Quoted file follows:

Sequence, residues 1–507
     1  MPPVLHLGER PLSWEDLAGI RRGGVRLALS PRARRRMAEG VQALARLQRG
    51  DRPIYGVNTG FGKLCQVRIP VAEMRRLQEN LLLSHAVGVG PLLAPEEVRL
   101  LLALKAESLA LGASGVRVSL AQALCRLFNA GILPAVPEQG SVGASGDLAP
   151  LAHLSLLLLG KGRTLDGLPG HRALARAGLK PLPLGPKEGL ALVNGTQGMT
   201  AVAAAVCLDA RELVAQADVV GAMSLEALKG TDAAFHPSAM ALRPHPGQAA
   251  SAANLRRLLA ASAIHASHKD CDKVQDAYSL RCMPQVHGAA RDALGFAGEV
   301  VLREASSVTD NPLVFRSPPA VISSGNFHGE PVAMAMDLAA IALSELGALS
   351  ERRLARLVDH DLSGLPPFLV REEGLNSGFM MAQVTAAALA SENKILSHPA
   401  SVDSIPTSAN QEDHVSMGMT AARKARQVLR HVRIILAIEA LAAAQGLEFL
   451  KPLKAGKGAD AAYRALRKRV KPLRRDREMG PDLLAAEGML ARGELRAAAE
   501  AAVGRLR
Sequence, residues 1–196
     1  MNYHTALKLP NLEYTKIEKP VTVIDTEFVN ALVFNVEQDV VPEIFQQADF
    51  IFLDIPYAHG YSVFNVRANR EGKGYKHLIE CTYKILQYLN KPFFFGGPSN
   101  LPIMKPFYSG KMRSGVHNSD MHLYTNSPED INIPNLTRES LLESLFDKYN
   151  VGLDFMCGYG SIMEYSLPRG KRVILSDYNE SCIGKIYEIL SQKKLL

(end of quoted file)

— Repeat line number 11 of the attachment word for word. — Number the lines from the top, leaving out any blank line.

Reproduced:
   451  KPLKAGKGAD AAYRALRKRV KPLRRDREMG PDLLAAEGML ARGELRAAAE